|Publication number||US5905290 A|
|Application number||US 08/101,348|
|Publication date||May 18, 1999|
|Filing date||Aug 2, 1993|
|Priority date||Jun 24, 1991|
|Publication number||08101348, 101348, US 5905290 A, US 5905290A, US-A-5905290, US5905290 A, US5905290A|
|Inventors||Theodore W. Houston|
|Original Assignee||Texas Instruments Incorporated|
|Export Citation||BiBTeX, EndNote, RefMan|
|Patent Citations (14), Referenced by (54), Classifications (11), Legal Events (3)|
|External Links: USPTO, USPTO Assignment, Espacenet|
This invention was made with government support under contract number DNA001-C-86-0090 awarded by the Defense Nuclear Agency of the Department of Defense. The Government may have certain rights in this invention.
This application is a Continuation of application Ser. No. 07/719,900, filed Jun. 24, 1991 now abandoned.
This invention generally relates to the fabrication of semiconductor devices and specifically to a single event upset hardened memory cell.
Static memory cells in certain environments in which radiation is present such as communication satellite orbital space are, or will likely be, particularly susceptible to soft errors or single event upsets (SEUs). A soft error or single event upset is typically caused by electron-hole pairs created by, and along the path of, a single energetic particle as it passes through an integrated circuit, such as a memory. The charge collected from this ion track will perturb the voltage of the struck node. If the struck node is in a memory cell, and the changed logic state persists longer than the time required to latch a new state in that memory cell (i.e., if the restoration time is longer than the latch time) the cell will be upset. This condition is generally expressed in terms of the critical charge. Should the charge collected from the ionized trail of an energetic particle through a critical volume of the memory cell exceed a critical charge then the logic state of the memory is upset. This critical charge, by definition, is the minimum amount of electrical charge required to change the logic state of the memory cell.
The energetic particle causing the ionization trail may be a cosmic ray or it may be an alpha particle (helium nucleus) such as alpha particles which may be emitted from standard integrated circuit packages for example.
One method for hardening a memory cell against SEU is by reducing the amount of charge generated by a given event. This is accomplished, for example, by using a silicon film thinner than the collection depth in the bulk material. For instance, a memory cell created on an insulator, such as in a SOI (silicon on insulator) device, is less susceptible to SEU than one created on bulk semiconductor, such as silicon, because ionization charge along a path in an insulator is more likely to recombine than be collected compared to ionization charge created in a semiconductor.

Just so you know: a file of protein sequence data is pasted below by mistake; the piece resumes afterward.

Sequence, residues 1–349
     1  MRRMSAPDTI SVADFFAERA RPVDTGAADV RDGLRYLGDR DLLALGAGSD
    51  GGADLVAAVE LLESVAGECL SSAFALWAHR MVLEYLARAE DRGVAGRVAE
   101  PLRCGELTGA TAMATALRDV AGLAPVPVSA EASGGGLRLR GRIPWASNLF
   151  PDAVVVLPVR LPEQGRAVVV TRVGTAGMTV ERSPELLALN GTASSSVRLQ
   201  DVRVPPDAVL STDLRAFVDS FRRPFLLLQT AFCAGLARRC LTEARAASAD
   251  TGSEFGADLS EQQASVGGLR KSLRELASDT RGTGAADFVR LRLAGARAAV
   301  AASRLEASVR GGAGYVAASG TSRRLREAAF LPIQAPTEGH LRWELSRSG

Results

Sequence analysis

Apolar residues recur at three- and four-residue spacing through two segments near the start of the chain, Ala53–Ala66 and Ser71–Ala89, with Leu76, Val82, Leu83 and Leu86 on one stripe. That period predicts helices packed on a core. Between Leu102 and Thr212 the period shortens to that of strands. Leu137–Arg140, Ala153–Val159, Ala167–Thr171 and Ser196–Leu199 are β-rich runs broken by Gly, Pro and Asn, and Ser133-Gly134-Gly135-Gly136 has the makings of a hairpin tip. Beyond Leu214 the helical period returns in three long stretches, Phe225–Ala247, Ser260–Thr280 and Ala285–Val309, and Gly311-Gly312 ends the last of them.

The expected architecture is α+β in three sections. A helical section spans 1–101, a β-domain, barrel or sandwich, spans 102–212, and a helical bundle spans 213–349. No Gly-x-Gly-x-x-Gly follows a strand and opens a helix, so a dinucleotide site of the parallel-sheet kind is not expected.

Another way to reduce the susceptibility of a memory cell to upset is by increasing the critical charge of the cell. One approach to improving the SEU rate based on increasing the critical charge is to increase the capacitance on the inverter drains, thus decreasing the voltage change on the node for a given amount of collected charge. The effectiveness of the capacitance in increasing the critical charge for SEU is increased by having the capacitance from the drain to the gate of the same inverter to get the benefit of the Miller effect. Still, the area required for a sufficiently large capacitor makes this undesirable for high levels of SEU resistance.
Another hardening scheme against SEU in static memory cells based on critical charge required to produce SEU is accomplished by increasing the feedback time of the latch, thus allowing more time for the restoration current to restore the original state of the memory cell before the upset state is latched. This can be accomplished by including resistors in the cross coupling lines of the two cross coupled inverters which comprise the memory cell. However, this approach of increasing the RC propagation delay also significantly slows the write cycle time of the cell. In addition, it is difficult to control the values of the resistors at the levels necessary for this feedback approach. Therefore, this resistive approach to SEU hardening is no longer desirable.
The improvement in SEU response of a memory cell by increasing the RC delay of the feedback can be accomplished by increasing the capacitance; however, the write speed will also be negatively impacted in this case. In addition, generally, added capacitance will take up more room than increasing the resistivity of the resistor. Therefore, adding capacitance to increase RC delay of the feedback has not been a preferred approach.